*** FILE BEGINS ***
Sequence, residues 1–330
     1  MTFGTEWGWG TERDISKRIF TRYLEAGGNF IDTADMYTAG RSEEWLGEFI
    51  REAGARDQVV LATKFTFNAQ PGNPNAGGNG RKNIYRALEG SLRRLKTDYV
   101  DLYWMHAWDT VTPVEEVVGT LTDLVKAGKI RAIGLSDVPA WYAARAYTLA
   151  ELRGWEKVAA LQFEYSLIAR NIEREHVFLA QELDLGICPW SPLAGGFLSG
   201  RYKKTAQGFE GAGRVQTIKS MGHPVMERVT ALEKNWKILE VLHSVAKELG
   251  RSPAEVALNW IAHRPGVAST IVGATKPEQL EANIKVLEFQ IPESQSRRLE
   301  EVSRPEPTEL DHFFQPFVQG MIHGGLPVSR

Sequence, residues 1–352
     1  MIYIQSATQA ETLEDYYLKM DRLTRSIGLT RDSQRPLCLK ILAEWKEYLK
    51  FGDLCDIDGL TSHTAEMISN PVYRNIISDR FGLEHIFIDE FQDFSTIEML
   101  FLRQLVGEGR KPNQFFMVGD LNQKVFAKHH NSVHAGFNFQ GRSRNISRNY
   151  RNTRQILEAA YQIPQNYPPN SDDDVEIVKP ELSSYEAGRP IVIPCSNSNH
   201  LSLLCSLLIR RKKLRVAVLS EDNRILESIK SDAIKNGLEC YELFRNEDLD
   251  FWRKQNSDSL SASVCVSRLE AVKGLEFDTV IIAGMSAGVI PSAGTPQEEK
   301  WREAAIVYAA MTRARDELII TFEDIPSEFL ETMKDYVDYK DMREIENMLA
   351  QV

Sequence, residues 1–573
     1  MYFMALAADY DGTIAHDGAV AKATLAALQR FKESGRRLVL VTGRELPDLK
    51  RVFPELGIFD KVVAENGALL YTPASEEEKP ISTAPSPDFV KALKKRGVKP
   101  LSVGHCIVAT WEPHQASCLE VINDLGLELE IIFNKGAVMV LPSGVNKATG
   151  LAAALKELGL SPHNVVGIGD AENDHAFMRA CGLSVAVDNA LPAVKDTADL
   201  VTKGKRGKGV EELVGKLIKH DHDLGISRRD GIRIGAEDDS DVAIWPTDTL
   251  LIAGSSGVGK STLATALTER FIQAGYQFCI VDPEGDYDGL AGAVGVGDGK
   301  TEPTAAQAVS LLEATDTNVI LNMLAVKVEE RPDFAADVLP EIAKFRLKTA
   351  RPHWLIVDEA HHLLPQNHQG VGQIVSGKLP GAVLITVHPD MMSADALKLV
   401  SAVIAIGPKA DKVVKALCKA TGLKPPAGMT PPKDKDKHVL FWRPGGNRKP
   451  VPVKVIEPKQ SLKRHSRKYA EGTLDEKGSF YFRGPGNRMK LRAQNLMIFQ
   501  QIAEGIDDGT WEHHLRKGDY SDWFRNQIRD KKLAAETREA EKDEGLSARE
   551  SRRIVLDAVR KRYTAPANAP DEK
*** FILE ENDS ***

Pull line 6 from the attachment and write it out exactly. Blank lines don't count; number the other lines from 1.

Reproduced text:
   201  RYKKTAQGFE GAGRVQTIKS MGHPVMERVT ALEKNWKILE VLHSVAKELG